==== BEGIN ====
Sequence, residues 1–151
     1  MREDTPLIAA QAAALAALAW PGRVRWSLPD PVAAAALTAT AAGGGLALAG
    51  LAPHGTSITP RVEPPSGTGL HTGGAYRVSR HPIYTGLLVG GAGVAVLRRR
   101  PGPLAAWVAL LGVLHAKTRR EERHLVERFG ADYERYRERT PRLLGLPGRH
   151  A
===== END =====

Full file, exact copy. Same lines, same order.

Sequence, residues 1–151
     1  MREDTPLIAA QAAALAALAW PGRVRWSLPD PVAAAALTAT AAGGGLALAG
    51  LAPHGTSITP RVEPPSGTGL HTGGAYRVSR HPIYTGLLVG GAGVAVLRRR
   101  PGPLAAWVAL LGVLHAKTRR EERHLVERFG ADYERYRERT PRLLGLPGRH
   151  A